Contesting Nordicness from Scandinavianism to the Nordic Brand
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What makes the Nordic countries Nordic? The terms 'Nordic' and 'Scandinavian' are increasingly used in wide range of political and cultural contexts. Historically they have been associated with political projects and institutions (the Nordic Council), while also functioning as categories of analysis in academic research (Nordic model, Nordic welfare states). Often associated with positive meanings, the term 'Nordic' has also become a resource for commercial and cultural branding (Nordic noir, Nordic design).

The adjectives Nordic and Scandinavian are however flexible and contested concepts that have been used - and continue to be used - in varying, often contradictory and inherently political ways. How has the rhetoric of 'Nordicness' been used in different times and places, and how do we explain its continued appeal? What do the different terms Nordic and Scandinavian have in common, and are there any particular circumstances or historical periods in which the rhetoric has been particularly popular? How do we account for its current popularity?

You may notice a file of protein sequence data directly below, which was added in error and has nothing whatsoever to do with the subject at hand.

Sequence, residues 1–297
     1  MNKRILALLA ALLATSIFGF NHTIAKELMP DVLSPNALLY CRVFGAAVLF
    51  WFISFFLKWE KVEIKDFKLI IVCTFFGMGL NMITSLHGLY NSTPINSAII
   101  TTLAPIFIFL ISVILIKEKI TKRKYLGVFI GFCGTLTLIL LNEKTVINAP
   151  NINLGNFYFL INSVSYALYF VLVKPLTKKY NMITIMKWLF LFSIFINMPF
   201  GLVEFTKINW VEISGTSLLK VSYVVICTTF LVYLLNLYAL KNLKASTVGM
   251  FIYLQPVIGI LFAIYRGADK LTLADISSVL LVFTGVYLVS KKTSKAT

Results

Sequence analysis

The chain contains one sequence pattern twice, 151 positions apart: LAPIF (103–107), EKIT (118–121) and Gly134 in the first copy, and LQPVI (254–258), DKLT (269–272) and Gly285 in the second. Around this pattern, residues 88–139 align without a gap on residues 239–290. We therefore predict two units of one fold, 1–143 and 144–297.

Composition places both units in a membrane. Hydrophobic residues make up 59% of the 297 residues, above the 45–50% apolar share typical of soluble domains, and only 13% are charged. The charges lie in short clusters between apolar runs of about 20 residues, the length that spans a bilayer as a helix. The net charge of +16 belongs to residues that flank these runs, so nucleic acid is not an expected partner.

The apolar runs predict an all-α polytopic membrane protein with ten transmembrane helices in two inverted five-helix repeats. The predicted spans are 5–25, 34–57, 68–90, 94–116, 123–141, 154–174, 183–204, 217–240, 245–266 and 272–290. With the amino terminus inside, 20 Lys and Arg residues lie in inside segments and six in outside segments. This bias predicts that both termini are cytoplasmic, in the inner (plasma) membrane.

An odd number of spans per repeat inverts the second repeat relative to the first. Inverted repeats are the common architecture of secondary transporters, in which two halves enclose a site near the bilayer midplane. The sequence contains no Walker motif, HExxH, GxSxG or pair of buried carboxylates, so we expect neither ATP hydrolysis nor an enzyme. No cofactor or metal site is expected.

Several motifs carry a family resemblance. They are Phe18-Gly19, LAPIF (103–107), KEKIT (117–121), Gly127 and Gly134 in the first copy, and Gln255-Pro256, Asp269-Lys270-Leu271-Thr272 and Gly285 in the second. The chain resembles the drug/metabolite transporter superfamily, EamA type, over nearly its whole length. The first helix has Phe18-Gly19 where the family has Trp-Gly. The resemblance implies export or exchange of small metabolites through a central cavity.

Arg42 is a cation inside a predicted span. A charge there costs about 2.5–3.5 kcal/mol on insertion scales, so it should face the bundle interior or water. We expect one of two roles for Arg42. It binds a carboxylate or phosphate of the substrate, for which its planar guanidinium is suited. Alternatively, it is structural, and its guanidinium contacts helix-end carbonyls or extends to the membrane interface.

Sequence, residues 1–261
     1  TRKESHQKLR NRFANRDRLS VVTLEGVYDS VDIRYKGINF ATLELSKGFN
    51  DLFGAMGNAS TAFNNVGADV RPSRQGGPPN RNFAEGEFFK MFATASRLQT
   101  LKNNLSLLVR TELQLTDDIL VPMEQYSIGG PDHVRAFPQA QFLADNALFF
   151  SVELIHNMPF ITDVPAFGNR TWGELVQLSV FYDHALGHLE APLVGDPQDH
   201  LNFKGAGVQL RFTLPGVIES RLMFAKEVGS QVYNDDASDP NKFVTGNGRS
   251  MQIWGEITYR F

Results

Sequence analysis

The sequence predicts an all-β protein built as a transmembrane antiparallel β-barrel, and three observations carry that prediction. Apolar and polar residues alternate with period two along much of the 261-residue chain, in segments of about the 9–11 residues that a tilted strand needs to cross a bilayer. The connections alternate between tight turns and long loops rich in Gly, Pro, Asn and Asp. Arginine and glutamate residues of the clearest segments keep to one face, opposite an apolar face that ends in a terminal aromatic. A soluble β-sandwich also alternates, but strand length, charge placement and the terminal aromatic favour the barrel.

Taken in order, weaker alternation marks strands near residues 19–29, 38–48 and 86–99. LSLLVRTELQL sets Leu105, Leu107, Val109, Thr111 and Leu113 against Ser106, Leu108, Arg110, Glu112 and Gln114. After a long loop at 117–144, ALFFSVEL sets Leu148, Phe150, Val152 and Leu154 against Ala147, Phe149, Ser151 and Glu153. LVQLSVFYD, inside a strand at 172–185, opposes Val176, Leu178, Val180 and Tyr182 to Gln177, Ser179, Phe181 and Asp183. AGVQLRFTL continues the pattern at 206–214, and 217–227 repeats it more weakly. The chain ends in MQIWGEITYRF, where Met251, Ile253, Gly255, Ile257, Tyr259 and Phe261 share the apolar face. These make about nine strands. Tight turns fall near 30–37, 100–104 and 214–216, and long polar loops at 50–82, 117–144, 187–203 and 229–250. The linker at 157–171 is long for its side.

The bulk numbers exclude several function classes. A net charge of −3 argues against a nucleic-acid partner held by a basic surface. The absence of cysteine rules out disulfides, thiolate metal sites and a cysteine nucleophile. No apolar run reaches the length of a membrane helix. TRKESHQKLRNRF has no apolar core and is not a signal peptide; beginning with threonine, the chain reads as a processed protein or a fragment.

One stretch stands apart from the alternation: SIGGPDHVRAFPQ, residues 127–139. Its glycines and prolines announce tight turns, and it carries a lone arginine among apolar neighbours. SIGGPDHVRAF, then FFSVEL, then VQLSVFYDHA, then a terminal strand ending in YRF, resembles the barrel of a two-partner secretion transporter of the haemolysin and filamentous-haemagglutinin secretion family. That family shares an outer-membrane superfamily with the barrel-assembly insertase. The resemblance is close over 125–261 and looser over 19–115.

Through selected case studies, the book provides a historical and open-ended narrative of the making of the Nordic region. This account includes not only the success story of the region, but also the alternative, and sometimes sinister, paths that have been part of this process. It highlights the role of political contingency in region building in a way that is relevant for understanding not only the past but also the future of any region-building process.